Washington:Gonzaga, To Be Or Not To Be a Rivalry (Part II)

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Washington:Gonzaga, To Be Or Not To Be a Rivalry (Part II)

Is it better be be a big fish in a little pond like Gonzaga, or a medium to large fish in a large pond like Washington?

This is the philosophical question that the selection committee wrestles with each march.

Boise State or Utah in football, like Gonzaga in Basketball, faces the extreme prejuduce from the selection committees due to the weak conference's where they play.  Each team pads their non conference schedule with strong teams to pad their SOS. 

Beyond the SOS analysis, the question is whether it makes a difference and if a team that only plays three or four "big" games equates with a team that plays in a major conference.

A team that only has a handful of competitive games can mentally prepare and exert extra effort of those select games and then coast through the rest of the season.  Conversely, teams that play in major conferences must stay mentally tough and exert a high level of effort each and every week of the season.  This schedule structure is the basic difference between the WCC and the PAC-10.

How do you compare the rigors of playing an entire season of PAC-10 competition to that of a lesser schedule littered with a few to notch opponents? 

For one you can compare how frequently each team is successful against the "top-70" opponents. 

What is a "top-70" opponent?  There are a number of ways to define this and in this analysis, a top opponent is any team ranked in the "top-70" teams according to the ken pomeroy rankings.  For example, Gonzaga played 8 top teams during the 2009-10 season [Mich. St (23), Wisc. (9), Wake Forest (58), Duke (1), Illinois (53), St. Mary's (42) twice, Memphis (55)] and St. Mary's (42) in the WCC tournament.Washington also played eight top opponents in their schedule in the PAC-10 [Wright St. (65), Texas Tech (69), Georgetown (13), Texas A&M (17), Arizona St. (47) twice, California (15) twice] and California (15) in the PAC-10 tournament.

To get an accurate comparison the date must be analyzed over the course of each season and to take in to account the number of games against "top-70" opponents and the overall record against them.   

For the 2009-10 season Gonzaga had a 4-5 record against top opponents with an average ranking of 35.375 while Washington had a 5-4 record against top opponents with an average ranking of 29.750.  This result would state that Gonzaga played worse "top-70" opponents and had an inferior record against them.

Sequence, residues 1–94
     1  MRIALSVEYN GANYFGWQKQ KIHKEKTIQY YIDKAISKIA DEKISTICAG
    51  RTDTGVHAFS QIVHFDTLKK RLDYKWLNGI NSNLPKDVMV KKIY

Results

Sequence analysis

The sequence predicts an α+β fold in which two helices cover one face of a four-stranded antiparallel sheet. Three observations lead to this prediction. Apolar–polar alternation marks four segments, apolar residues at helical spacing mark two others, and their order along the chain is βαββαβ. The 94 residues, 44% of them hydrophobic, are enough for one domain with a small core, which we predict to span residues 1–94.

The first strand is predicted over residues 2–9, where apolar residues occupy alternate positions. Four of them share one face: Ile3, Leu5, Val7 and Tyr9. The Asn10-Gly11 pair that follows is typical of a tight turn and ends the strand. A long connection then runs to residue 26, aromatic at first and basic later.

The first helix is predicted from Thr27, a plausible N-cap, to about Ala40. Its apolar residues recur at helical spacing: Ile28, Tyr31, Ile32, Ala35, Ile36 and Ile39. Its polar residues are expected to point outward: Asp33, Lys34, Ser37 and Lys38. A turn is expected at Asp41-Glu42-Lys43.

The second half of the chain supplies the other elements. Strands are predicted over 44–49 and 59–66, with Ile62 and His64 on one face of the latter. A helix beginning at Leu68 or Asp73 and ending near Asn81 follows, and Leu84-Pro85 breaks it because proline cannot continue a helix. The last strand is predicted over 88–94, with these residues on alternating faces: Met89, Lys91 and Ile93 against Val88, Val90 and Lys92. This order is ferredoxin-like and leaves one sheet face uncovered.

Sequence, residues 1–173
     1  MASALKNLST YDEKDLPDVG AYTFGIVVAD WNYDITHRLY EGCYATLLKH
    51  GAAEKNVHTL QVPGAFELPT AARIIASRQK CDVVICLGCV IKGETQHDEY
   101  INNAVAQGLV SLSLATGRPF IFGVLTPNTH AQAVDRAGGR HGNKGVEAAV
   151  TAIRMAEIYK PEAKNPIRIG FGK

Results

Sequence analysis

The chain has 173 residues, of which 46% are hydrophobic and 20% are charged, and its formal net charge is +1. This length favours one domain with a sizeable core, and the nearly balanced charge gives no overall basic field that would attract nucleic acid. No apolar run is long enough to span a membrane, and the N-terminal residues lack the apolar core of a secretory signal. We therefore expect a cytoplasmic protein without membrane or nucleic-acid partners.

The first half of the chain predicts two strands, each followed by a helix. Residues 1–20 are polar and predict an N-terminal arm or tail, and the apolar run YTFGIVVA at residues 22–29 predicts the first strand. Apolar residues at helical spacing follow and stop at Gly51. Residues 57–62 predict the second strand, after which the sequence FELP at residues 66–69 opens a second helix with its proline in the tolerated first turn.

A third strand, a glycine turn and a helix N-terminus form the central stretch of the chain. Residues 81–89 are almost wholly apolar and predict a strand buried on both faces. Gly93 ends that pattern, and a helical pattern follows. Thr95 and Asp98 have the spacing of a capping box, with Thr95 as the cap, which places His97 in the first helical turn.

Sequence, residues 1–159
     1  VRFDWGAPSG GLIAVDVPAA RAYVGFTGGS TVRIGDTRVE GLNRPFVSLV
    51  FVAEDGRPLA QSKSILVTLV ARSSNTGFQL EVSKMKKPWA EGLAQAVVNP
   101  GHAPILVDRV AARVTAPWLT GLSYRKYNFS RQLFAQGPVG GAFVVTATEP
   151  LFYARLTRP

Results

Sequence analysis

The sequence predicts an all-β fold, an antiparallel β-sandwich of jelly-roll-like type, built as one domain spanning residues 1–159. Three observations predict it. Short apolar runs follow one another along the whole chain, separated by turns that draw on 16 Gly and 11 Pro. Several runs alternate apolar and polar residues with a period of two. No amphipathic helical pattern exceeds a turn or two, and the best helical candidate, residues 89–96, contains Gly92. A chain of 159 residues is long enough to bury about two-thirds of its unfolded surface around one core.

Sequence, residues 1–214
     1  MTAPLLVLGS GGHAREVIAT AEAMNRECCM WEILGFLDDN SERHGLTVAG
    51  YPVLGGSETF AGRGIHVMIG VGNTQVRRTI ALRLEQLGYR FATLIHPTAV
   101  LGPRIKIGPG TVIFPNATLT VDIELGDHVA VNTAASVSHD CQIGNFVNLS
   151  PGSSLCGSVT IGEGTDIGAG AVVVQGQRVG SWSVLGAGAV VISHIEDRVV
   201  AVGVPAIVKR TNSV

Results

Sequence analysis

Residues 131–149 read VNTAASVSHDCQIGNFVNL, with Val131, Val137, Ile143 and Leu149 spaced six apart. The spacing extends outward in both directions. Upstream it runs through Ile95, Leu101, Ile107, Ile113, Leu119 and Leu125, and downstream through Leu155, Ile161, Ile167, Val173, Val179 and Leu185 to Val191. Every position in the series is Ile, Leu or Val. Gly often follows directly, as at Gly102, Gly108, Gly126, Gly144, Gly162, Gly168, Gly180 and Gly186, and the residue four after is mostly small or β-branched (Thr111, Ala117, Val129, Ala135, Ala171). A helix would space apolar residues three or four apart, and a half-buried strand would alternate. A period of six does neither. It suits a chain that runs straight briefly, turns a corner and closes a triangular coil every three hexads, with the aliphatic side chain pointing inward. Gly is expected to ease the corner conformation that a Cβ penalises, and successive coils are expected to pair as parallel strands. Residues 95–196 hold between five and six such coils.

This does not diminish the season that Gonzaga had or diminish the degree of difficulty their schedule presented, but it does show that their non conference schedule did not adequately make up for their weak conference.  Gonzaga played a slightly easier schedule and had more time between tough games then Washington.

The results are even more telling during the 2008-09 season where Washington played 20 "top-70" opponents.  Washington had a 13-7 record against those opponents with an average pomeroy ranking of 31.35.  Gonzaga on the other hand played 12 "top-70" opponents during the same season.  Gonzaga had a 9-4 record against those opponents that had an average pomeroy ranking of 35.25. 

How do you compare the two teams when they play different opponents and play a different number of quality games against top 70 teams? The answer is to find a way to calculate a standard measure that takes in to account the amount of top 70 quality games that you play and how often you win those games.

Divide the number of top 70 wins by their average pomeroy rating and then multiply that number by the total number of top 70 games played to get a standarized quality win rating.  This is a simple rating that incorporates number of quality wins, Ken Pomeroy rating, and the total number of top 70 games played.  This is a purely relational rating which means that it is meant only for comparison purposes and they mean nothing standing on their own.  For example, Washington recorded 5 wins (out of 9 games) against top 70 opponents with an average rating of 29.750 in the 2009-10 season.  This amounts to a quality win rating of 1.512 for UW during that season.  Gonzaga recorded 4 quality wins (out of 9) with a average pomeroy rating of 35.375 for a quality win rating of 1.018.   This data shows that the UW's schedule was more grueling and that they posted more quality wins than that of Gonzaga. 

The moral of this story is that there are major differences between the top heavy schedule of Gonzaga and then balanced PAC-10 schedule.  The schedule differences are the central piece of this debate and each school has a reasonable claim to SOS superiority. 

 

*The third part of this analysis will analyze the affects of playing (and scheduling) only a few top opponents in their non confrence schedule.

 

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